by D’Etta Brown
“I wanted there to be a sandstorm today,” said Chele Miles as she and her family toured the South Plains Veterinary Clinic on a mid-November Saturday morning. The ever-reliable West Texas wind very nearly granted her wish. A chilly, blustery morning had greeted us – the kind that means you’ll be wearing your hair back and any loose papers in your car will soon be in the street.
But it was cozy inside the vet clinic as Dr. Bud Farr led the group around, explaining how the place has changed over the years. Those changes were of special interest to Dr. David Hughes and his wife, Patty, who built the clinic in 1964 after moving here from Pampa with their one-year-old daughter, Chele.
Dr. Farr has added more buildings over the past few decades, and a few years ago he revamped the reception area and two exam rooms. “It’s totally different,” said Patty. “I wouldn’t have recognized it.”
Though Dr. Hughes no longer practices veterinary medicine, he had plenty of questions for Dr. Farr about how the clinic and the practice have changed over the years. “I am astonished at the development in tools and sophistication of the practice. I’m most gratified about that,” Dr. Hughes said.
The Hugheses moved here in the mid ‘60s and stayed for almost a decade, during which time they built a successful veterinary practice, raised two daughters (Chele and her sister, Amber), and became active citizens. The young Dr. Hughes served as city commissioner from 1968-1969 and was elected mayor in 1969 when he was just 30 years old. He served until 1971.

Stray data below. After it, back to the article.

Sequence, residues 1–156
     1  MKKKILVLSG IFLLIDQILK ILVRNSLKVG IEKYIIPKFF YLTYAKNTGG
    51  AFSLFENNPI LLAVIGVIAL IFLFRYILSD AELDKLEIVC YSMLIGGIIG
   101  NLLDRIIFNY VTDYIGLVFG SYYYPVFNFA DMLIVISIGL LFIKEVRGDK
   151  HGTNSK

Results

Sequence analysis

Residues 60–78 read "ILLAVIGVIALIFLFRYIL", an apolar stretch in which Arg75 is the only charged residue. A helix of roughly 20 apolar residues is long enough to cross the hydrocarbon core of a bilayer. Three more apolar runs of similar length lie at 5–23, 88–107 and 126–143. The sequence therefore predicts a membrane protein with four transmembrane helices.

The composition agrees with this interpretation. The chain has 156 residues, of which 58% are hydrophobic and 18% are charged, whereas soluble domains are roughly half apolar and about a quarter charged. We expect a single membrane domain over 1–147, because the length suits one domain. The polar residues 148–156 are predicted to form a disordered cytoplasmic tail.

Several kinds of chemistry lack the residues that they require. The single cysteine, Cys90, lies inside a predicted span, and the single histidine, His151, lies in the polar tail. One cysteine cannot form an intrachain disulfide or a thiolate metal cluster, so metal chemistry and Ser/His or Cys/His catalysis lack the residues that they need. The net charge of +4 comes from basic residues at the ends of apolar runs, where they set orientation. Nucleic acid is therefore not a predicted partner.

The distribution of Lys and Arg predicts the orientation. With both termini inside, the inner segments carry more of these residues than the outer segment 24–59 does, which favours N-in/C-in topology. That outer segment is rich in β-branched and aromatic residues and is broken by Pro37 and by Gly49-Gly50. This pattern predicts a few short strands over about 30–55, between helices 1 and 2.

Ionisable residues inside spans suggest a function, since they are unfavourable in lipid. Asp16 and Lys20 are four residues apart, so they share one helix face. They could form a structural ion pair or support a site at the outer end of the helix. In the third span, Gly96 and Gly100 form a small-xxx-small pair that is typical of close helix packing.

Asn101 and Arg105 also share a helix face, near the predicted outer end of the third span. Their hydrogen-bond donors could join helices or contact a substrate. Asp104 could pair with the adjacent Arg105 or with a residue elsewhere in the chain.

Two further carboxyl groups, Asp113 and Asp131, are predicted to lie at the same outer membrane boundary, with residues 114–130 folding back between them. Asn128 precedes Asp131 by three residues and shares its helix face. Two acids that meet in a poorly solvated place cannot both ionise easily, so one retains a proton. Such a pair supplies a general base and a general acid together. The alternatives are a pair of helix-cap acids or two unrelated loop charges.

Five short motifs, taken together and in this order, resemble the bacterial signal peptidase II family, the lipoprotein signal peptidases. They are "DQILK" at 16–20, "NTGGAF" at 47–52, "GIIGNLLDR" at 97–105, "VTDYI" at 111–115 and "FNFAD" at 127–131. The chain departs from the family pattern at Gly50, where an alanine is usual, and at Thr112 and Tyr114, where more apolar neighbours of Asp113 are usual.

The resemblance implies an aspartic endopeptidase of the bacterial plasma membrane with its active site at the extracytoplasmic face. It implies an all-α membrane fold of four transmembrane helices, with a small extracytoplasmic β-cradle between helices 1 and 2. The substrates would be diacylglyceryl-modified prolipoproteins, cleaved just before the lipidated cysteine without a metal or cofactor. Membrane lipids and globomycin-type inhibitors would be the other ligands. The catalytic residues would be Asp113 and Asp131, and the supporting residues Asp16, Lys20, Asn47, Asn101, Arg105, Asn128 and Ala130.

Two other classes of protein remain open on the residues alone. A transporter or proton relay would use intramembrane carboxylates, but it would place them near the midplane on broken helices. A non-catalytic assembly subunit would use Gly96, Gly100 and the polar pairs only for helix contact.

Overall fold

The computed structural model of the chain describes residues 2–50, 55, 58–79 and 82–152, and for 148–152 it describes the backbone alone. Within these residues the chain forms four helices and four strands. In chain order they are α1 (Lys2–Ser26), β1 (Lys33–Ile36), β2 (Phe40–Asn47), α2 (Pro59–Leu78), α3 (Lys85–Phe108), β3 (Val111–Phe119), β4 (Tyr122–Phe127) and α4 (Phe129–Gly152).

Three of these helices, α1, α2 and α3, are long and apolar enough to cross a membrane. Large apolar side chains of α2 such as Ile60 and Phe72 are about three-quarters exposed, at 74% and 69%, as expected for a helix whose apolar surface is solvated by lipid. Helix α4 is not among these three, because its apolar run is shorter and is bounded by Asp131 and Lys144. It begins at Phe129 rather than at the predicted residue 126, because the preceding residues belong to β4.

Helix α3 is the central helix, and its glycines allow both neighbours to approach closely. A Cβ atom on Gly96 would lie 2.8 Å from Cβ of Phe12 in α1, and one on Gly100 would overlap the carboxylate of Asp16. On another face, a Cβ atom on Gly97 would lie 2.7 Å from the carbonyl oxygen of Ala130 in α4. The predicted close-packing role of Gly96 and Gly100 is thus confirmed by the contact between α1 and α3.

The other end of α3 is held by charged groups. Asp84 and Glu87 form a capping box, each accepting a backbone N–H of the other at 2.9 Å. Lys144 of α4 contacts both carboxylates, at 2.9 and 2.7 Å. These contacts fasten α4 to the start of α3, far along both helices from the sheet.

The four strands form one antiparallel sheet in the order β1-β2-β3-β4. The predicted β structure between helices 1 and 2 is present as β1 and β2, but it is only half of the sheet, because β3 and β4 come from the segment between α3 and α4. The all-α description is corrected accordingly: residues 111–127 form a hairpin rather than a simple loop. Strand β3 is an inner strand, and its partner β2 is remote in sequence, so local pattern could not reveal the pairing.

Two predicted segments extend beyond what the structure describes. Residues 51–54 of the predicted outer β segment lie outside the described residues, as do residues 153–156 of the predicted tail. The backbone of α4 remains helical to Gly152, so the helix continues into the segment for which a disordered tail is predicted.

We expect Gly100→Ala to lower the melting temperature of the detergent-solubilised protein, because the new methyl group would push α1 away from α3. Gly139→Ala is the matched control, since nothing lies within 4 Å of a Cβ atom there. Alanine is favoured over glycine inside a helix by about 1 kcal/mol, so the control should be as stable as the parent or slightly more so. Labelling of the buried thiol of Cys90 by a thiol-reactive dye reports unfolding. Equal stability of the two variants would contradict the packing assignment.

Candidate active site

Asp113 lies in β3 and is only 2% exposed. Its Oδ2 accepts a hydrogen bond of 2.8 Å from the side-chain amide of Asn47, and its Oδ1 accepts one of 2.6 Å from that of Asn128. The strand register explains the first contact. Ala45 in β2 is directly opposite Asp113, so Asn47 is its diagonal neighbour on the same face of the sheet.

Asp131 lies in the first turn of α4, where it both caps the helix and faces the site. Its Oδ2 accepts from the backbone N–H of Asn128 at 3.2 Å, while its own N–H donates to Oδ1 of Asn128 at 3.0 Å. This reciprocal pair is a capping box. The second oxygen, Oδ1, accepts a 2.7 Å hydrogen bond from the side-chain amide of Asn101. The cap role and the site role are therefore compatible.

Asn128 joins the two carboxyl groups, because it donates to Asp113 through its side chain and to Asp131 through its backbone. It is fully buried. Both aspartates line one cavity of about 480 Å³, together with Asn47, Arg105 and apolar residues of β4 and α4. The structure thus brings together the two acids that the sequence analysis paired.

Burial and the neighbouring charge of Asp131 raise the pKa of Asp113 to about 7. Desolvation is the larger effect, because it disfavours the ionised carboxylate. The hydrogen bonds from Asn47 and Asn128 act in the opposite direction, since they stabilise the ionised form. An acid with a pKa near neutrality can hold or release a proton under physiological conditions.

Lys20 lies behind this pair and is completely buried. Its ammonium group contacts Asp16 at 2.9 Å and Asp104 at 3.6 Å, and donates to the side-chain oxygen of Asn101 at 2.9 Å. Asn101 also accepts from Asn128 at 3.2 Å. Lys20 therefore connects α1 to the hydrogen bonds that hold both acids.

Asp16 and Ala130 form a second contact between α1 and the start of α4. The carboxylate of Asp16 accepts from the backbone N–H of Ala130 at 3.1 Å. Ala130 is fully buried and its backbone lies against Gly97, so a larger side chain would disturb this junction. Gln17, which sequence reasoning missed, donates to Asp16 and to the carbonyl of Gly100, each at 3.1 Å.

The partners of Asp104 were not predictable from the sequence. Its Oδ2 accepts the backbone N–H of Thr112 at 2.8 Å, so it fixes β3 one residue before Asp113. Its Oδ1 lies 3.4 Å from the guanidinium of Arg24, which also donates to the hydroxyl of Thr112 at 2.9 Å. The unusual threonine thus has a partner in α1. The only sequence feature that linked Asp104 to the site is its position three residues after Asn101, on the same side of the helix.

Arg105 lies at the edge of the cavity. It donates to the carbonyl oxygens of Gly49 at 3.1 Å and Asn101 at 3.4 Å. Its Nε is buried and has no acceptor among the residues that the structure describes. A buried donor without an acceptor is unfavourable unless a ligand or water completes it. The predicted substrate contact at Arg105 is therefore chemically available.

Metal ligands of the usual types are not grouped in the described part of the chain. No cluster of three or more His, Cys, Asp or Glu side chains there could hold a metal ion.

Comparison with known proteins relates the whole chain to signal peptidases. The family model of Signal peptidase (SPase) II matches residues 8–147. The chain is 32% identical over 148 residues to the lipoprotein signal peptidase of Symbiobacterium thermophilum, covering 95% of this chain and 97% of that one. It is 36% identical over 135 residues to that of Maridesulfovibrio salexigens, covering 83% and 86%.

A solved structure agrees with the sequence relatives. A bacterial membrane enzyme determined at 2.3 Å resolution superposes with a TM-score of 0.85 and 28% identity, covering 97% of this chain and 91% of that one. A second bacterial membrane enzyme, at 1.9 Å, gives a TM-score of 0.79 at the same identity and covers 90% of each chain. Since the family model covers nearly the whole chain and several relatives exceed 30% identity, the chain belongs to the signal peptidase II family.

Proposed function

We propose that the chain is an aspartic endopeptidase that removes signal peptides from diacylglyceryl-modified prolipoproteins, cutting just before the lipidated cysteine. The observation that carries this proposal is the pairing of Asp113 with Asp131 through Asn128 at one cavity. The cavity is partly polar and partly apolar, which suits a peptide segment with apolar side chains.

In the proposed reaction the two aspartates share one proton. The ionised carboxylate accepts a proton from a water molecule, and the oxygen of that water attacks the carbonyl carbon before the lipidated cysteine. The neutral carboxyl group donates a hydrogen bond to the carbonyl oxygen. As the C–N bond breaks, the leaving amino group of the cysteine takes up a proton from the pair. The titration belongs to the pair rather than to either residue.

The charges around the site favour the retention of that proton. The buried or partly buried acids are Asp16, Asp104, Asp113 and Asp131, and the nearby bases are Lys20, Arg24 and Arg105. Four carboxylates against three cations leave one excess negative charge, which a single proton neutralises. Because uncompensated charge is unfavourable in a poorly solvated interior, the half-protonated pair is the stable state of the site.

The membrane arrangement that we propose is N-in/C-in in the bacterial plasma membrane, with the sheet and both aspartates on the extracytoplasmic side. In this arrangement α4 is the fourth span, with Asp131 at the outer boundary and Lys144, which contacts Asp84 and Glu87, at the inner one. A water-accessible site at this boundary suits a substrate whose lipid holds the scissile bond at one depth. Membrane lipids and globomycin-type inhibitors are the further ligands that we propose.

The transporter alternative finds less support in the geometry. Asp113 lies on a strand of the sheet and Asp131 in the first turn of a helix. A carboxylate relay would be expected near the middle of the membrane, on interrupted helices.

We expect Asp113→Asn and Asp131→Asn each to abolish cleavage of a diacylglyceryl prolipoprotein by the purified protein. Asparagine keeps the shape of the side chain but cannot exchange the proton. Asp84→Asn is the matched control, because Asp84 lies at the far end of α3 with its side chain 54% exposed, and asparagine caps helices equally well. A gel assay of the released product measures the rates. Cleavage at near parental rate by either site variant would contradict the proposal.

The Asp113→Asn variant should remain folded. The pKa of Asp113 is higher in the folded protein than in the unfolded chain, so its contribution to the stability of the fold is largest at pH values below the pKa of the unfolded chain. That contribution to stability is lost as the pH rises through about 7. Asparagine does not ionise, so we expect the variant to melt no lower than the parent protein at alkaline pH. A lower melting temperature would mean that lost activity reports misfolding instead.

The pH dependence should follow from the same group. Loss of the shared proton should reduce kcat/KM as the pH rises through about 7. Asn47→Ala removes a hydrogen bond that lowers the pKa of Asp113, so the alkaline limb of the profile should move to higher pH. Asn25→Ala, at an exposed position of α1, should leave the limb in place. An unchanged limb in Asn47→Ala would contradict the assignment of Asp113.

But Slaton was only one stop on road. They sold the clinic to Dr. Farr in March 1972 and headed to Knoxville, Tennessee, where Dr. Hughes began a career in the meat industry. His new field took the family to Memphis, Tennessee, Phoenix, Arizona, Sioux City, Iowa, Lyle, Illinois, Fort Worth, Marshall, Easley, South Carolina, Grant, Alabama, Albertville, Alabama, and finally Madison, Alabama, where they now reside.
“I miss the smallness of the town [Slaton],” but “I have enjoyed just about every place we’ve ever lived,” said Patty. “We’ve met lots and lots of interesting people.”
Also along for the tour – and their first trip to Slaton – were the couple’s four grandchildren, Josh, Ellerie, Sally, and Jed. Their excitement at finally seeing the setting of their parents and grandparents’ stories was catching, though Ellerie expressed her initial reluctance to come. “I had a picture in my mind of what it was going to be,” she said, expressing her fear that the reality wouldn’t live up to her idea of the place.
But as everyone gathered to sit and talk, the four took turns requesting stories from their grandparents. Hearing them again – these stories they had heard all their lives – must have taken on special meaning for them. Now they had personally seen the clinic where their grandfather set up his practice and the highway and railroad tracks where he chased livestock time and time again in the ‘60s and ‘70s (chasing loose horses and cattle featured in several of the stories told that day).
Chele shared stories of her own. She spent the first nine or so years of her life in Slaton, every minute of which seemed to be filled with mischief. Two of her “partners in crime,” as Patty called them, were Tom Dulin and D’Jane Brown.